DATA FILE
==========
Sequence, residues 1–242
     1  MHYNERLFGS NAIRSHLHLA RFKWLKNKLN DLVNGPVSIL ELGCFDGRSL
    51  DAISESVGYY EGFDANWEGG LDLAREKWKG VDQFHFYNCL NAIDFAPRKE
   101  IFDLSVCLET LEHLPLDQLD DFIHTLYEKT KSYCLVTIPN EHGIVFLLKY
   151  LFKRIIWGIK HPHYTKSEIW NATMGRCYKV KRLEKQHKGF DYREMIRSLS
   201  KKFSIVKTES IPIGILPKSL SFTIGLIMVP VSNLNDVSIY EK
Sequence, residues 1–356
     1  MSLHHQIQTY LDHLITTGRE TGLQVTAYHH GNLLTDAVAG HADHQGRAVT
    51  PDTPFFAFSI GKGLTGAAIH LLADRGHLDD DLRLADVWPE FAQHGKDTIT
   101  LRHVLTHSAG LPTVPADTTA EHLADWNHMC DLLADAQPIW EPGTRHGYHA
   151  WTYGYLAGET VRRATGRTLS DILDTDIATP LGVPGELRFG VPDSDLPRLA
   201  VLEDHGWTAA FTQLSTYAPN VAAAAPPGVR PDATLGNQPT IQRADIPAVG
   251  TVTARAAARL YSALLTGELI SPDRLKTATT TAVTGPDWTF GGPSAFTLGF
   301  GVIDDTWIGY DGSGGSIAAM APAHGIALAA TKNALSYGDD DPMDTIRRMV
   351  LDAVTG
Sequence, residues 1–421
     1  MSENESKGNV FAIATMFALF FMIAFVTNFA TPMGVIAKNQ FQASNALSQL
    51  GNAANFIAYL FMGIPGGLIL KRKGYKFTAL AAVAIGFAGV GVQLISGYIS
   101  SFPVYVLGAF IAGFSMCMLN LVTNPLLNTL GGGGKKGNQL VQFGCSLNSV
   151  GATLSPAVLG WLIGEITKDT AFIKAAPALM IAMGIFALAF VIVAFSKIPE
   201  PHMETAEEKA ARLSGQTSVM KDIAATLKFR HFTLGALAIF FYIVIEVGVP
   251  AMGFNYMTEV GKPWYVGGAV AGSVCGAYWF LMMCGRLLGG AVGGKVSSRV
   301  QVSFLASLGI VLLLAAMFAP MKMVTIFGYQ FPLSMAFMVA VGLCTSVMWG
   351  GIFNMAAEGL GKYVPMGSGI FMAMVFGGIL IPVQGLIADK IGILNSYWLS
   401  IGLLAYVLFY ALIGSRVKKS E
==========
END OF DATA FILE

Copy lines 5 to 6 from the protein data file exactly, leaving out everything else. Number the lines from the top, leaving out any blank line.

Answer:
   151  LFKRIIWGIK HPHYTKSEIW NATMGRCYKV KRLEKQHKGF DYREMIRSLS
   201  KKFSIVKTES IPIGILPKSL SFTIGLIMVP VSNLNDVSIY EK